The Federal Reserve has revealed that it is considering scaling down and possibly even completely halting quantitative easing by the end of this year.
Whether or not the central bank will actually be in a position to do that in 2013 is one of the hottest debates in the market right now – but the 10-year U.S. Treasury yield has risen from an all-time low below 1.5 percent in July to its current levels, slightly above 2 percent, and that has people talking.
As several members of the Federal Reserve ramp up the public dialogue surrounding financial stability, Anderson thinks they're looking in the wrong place.
In a recent note to clients, he wrote, " It’s more likely the excess that ultimately brings this cycle to an end is one that few are mentioning."
In aggregate, investors have poured a staggering amount of money – hundreds of billions of dollars – into bond funds over the past five years. They have been largely deterred from stocks as memories of the crash in 2008 continue to haunt the market.
That may all be changing as investors in mutual funds begin to open up their monthly statements and realize that their bond investments are starting to lose money.
What happens when investors start pulling money from these mutual funds, and the fund managers have to turn around and get rid of their holdings of corporate bonds?
No one knows for sure. This is an unprecedented situation. However, one thing is clear: that scenario could present a big problem.
The chart below is a perfect illustration of what has Citi worried.
Citi strategist Matt King, who sent us this chart in December , put it this way: " Since 2007, credit mutual fund assets have doubled, while dealers' corporate bond inventories have halved. So while in 2007, it would have taken a 50% outflow from mutual funds to double the size of the street's inventory, now if there were to be a 5% outflow it would double the size of the inventory."
The corporate bond inventories of these dealers – big Wall Street banks like Citi – are a casualty of Dodd-Frank regulatory reform, which forced banks to reduce their own balance sheets.
The negative side-effect of this particular aspect of the law should by now be clear.
As Anderson put it, " When those [mutual fund] investors look to sell, will there be another buyer on the other side?"
The answer, as far as anyone can tell, is maybe not.
Before Dodd-Frank, Anderson told Business Insider, dealer inventories provided a buffer for these types of situations (albeit on a smaller scale).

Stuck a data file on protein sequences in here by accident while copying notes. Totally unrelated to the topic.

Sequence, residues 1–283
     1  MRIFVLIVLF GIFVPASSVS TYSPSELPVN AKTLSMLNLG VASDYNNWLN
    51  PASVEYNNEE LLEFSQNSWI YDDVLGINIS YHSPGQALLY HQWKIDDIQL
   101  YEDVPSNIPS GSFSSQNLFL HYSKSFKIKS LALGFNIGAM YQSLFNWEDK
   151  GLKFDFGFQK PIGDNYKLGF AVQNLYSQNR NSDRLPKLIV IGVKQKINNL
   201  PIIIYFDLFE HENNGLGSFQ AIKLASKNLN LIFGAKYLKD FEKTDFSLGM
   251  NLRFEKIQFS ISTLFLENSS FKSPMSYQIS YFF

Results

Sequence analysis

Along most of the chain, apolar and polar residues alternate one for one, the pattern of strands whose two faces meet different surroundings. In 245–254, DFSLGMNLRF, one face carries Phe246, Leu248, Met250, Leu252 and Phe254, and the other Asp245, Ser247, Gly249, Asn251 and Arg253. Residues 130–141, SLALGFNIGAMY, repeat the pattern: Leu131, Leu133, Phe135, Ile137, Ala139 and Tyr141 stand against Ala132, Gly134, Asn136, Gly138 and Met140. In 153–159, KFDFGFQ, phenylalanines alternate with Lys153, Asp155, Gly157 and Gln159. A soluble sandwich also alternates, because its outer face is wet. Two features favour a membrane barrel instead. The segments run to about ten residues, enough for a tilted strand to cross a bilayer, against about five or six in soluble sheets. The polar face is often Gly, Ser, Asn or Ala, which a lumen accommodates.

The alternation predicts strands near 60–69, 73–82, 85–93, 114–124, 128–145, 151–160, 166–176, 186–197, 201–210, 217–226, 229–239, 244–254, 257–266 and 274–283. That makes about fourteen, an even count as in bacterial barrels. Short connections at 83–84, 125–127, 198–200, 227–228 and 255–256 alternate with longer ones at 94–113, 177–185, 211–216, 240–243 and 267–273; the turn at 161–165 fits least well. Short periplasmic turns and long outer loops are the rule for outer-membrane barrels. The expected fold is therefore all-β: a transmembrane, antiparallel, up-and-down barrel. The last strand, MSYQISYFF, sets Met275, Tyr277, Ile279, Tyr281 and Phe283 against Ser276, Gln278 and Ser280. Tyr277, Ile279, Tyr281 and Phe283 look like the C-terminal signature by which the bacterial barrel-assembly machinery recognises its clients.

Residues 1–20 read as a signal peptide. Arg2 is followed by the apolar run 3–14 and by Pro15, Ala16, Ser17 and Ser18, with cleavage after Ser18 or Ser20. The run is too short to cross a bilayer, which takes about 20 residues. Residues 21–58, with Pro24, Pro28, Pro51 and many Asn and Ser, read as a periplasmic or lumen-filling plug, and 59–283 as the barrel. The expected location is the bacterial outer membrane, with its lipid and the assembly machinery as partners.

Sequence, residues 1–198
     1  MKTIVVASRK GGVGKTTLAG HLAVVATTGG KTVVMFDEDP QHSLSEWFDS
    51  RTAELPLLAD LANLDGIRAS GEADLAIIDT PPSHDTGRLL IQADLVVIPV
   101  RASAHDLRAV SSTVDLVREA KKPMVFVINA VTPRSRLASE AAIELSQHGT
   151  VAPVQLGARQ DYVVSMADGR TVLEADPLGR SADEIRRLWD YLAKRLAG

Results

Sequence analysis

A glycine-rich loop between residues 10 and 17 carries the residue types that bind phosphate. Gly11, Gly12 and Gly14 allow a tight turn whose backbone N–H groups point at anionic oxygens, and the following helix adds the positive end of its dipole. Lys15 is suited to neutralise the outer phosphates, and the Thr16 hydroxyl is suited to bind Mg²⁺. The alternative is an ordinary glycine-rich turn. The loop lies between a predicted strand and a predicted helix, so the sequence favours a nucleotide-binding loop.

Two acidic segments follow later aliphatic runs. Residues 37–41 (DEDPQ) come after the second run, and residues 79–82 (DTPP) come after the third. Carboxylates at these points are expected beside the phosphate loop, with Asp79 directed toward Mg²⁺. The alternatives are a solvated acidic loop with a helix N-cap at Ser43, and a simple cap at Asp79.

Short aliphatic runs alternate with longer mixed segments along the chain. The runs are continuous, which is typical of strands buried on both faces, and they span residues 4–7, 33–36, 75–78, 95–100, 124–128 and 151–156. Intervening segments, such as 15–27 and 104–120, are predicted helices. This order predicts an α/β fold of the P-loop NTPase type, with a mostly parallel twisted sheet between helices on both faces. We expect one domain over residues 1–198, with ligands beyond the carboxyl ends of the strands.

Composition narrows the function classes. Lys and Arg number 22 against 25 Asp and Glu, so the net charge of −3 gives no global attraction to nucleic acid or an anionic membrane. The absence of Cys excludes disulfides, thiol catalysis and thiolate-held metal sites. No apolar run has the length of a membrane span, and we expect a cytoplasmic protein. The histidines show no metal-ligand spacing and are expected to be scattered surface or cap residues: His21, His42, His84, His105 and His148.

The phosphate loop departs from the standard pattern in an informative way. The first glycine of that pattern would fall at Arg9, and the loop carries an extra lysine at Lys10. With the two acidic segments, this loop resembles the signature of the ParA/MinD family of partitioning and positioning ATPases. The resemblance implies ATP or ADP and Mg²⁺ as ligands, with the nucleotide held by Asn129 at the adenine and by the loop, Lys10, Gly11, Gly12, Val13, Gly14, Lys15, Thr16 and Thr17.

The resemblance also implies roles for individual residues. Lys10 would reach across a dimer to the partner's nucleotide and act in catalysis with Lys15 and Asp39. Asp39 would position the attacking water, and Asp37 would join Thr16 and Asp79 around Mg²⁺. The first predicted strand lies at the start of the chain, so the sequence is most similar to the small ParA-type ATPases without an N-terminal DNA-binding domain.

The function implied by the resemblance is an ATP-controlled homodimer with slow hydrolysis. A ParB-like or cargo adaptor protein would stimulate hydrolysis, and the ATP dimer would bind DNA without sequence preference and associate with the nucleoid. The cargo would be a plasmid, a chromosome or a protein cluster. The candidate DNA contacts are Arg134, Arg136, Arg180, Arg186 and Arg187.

Sellers – mutual funds, for example – were able to unload their bonds to the dealers, who would hold on to them just long enough to find another buyer for them.
In other words, the "buffer" of higher inventories on bank balance sheets provided the market with liquidity.
Now, that buffer is gone.
"If [the dealers] don't feel comfortable that they are going to quickly find a buyer on the other side – because the dealers don't want to be sitting on a whole bunch of paper – if the dealers are not confident in that, then they are going to be hesitant to provide that liquidity," Anderson told Business Insider.
In his note, Anderson summed up the concern over market liquidity succinctly:
Perhaps the biggest risk building in the market is the decline in liquidity. Although volumes were higher in 2012 than 2011, we believe a lot of the improvement had to do with a strong market and inflows that made traders confident they could move risk. High yield TRACE volume rose 18% in 2012 and the average daily volume was $5bn, versus $4.2bn the prior year. We are not confident that liquidity improvement will be maintained in a prolonged market sell off.
In addition, trading volumes last year were roughly equivalent to volumes in 2007 but when we adjust for increasing market size, turnover is much lower. Dealer inventories rebounded a bit at the end of 2012 but are not far above decade-long lows. Regulations and stringent capital constraints are limiting how much liquidity dealers are providing and perhaps policymakers should focus on creating an environment conducive to secondary liquidity.
Therefore the market has grown in size beyond its ability to provide liquidity. This doesn’t cause problems as long as capital flows are positive (i.e. inflows) or balanced. What happens when investors begin to shift their allocations to other assets? How well will the sell-side accommodate the transfer of risk from current holders to the new holders? This is one of the bigger risks building in the credit market.
That is how the entire bull market in credit could come to an end, says Anderson.
In one fell swoop.
The "Great Rotation" out of bonds and into stocks doesn't appear to be here yet. Perhaps it will never arrive, though at this point, the consensus view is that it happens in late 2013 or 2014.
If the hundreds of billions of dollars that have flowed into credit mutual funds in the past five years reverse with any similar magnitude, this nightmare scenario, wherein no one wants to buy these bonds until the dust settles, could become reality.
Thus, as Anderson warns in his note, policymakers may want to look at this corner of the bond market a little more closely.
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